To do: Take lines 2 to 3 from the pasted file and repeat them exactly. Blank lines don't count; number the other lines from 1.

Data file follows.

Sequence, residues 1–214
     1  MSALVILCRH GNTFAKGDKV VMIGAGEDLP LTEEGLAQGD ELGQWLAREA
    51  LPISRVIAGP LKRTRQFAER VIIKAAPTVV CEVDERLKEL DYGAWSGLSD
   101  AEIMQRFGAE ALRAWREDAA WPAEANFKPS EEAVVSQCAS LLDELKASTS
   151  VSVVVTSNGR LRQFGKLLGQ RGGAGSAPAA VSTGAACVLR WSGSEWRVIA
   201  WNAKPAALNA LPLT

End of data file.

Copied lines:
     1  MSALVILCRH GNTFAKGDKV VMIGAGEDLP LTEEGLAQGD ELGQWLAREA
    51  LPISRVIAGP LKRTRQFAER VIIKAAPTVV CEVDERLKEL DYGAWSGLSD